Vol. 165 No. #15
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More Stories from the April 10, 2004 issue

  1. Health & Medicine

    Exercise after breast cancer extends life

    After a woman survives an initial bout with breast cancer, being physically active improves her odds of beating the disease over the long term.

  2. Health & Medicine

    Papillomavirus infections spike in sunny months

    Getting sun could increase vulnerability to a sexually transmitted virus that may lead to cervical cancer.

  3. Tech

    Fluid lens flows into focus

    By controlling a boundary between oil and water, researchers have created a liquid lens that can quickly alter its shape in response to electric signals.

  4. Anthropology

    Gene implicated in apes’ brain growth

    A gene with poorly understood functions began to accumulate favorable mutations around 8 million years ago and probably contributed to brain expansion in ancient apes.

  5. Earth

    Inhaling your food—and its cooking fuel

    Cooking emits easily inhaled pollutants that travel throughout a home and can linger for hours.

  6. Health & Medicine

    SARS vaccine tests well in mouse model

    Scientists have developed a DNA vaccine that stops the SARS infection in mice.

  7. Physics

    A New Form of Water: Melting ice turns oddly dense

    The density of a recently made film of water far exceeds that of ordinary water, suggesting that the film may be the first isolated sample of a proposed form of water thought to contribute to ordinary water's odd properties.

  8. Archaeology

    Cat’s Cradle? New find pushes back origin of tamed felines

    Archaeological finds on the Mediterranean island of Cyprus indicate that people domesticated cats by about 9,500 years ago, long before cat taming achieved prominence in ancient Egypt.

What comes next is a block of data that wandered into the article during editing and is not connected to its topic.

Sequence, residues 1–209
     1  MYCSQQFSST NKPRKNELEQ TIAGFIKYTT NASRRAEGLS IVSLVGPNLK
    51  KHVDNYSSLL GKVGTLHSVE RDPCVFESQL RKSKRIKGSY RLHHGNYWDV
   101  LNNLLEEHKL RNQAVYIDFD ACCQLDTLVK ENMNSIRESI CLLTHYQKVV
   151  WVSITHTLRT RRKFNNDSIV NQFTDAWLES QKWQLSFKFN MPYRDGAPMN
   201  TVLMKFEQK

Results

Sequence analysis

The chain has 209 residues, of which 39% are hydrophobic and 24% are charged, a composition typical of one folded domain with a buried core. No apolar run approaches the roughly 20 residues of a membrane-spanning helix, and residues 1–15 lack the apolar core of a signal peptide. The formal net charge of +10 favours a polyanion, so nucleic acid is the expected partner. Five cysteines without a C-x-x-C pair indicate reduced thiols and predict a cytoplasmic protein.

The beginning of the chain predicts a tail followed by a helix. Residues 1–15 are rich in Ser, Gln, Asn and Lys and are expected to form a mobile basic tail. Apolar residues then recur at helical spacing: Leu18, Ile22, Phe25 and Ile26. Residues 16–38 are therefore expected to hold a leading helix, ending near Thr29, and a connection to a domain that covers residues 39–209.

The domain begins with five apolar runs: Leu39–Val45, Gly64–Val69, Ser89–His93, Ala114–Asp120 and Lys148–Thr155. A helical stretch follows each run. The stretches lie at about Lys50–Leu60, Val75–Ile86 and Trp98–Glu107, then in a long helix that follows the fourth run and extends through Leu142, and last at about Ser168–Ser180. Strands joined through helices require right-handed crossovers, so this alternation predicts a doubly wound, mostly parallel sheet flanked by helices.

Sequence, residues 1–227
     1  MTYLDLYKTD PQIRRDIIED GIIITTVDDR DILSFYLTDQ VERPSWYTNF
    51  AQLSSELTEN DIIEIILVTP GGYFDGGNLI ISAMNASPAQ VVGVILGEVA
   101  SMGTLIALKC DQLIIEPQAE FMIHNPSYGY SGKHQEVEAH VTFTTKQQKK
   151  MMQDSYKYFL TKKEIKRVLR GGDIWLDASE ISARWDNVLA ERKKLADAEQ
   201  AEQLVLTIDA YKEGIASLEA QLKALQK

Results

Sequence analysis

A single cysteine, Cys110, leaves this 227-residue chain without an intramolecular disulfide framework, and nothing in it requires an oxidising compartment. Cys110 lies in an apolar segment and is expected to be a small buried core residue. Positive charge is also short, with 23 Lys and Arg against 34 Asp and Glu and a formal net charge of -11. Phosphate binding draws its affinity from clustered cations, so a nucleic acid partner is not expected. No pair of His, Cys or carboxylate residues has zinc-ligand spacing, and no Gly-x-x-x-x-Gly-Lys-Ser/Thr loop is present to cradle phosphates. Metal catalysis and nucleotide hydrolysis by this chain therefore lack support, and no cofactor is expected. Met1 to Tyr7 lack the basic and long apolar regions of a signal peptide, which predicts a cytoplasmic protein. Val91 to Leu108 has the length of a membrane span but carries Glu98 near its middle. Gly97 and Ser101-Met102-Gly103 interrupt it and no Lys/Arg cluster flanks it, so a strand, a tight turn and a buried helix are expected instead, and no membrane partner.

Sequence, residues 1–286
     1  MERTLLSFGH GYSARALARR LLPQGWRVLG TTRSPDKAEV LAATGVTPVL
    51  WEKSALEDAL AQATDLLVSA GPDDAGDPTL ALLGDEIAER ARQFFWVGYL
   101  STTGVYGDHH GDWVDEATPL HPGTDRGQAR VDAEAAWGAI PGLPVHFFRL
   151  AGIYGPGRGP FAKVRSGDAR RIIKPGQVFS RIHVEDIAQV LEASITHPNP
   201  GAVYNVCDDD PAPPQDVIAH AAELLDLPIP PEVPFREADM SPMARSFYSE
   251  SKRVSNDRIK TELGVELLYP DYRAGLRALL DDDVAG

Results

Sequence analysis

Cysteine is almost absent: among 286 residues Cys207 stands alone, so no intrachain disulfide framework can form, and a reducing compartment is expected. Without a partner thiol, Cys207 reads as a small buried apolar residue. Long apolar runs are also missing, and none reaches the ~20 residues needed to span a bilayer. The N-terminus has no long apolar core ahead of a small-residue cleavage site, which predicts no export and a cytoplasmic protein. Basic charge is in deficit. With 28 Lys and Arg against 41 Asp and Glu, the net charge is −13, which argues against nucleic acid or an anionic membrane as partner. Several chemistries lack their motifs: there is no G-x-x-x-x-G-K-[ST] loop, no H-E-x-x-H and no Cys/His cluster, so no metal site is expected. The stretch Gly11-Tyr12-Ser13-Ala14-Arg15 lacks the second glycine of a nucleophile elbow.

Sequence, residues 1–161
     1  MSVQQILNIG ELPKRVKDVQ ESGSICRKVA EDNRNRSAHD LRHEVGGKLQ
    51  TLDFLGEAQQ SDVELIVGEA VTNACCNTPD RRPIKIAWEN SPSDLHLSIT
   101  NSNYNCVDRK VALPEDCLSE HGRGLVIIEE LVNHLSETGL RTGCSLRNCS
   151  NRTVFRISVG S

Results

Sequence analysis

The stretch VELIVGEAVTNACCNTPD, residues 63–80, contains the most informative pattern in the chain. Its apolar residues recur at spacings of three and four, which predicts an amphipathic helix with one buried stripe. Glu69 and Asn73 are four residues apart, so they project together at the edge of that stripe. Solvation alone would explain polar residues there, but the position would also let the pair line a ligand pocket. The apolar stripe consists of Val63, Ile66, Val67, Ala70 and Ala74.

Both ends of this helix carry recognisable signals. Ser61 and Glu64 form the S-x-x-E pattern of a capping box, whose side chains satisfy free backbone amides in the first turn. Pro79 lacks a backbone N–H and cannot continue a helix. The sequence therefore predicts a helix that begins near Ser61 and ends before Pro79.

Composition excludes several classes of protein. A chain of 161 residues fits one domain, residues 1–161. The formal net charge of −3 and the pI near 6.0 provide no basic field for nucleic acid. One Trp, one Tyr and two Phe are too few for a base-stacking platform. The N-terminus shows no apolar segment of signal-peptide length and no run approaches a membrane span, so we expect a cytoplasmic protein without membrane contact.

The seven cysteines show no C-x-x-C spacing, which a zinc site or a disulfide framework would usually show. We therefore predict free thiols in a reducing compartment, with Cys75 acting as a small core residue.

9. Planetary Science

    Martian Methane: Carbon compound hints at life

    The presence of methane in the Martian atmosphere spotlights the possibility that there might be primitive life on the Red Planet.

  10. Chemistry

    Molecular Midwives: Small helper compounds may have spawned early tools of life on Earth

    Life on Earth may have sprung into being with the assistance of tiny molecules that are remarkably adept at stitching together DNA in the lab.

  11. Health & Medicine

    Save the Brain: Study suggests new way to treat head trauma

    A compound that stimulates nerve-cell activity may help the brain recover from serious head injuries.

  12. Animals

    Flex That Bill: Hummingbirds’ surprising insect-catching style

    High-speed videos of hummingbirds catching insects reveal that their lower bills are unexpectedly flexible.

  13. Health & Medicine

    Double-Edged Drugs: Anti-inflammatories’ cancer effects vary by brand and tissue type

    New research on anti-inflammatory medications being investigated as cancer treatments indicates that some of these drugs have secondary effects that could enhance or undermine their antitumor activity.

  14. Quite a Switch

    Cells use ribonucleic acids that bind to small molecules such as vitamins to control gene activity.

  15. Earth

    Tales of the Undammed

    Although destroying dams is often presumed to restore rivers, the results of such action are actually mixed, according to recent studies.

  16. Humans

    Letters from the April 10, 2004, issue of Science News

    Inaction verbs? Regarding “The Brain’s Word Act: Reading verbs revs up motor cortex areas” (SN: 2/7/04, p. 83: The Brain’s Word Act: Reading verbs revs up motor cortex areas), did the researchers image the brains of disabled people who know the meaning of a verb but can’t perform the action, or of people without any […]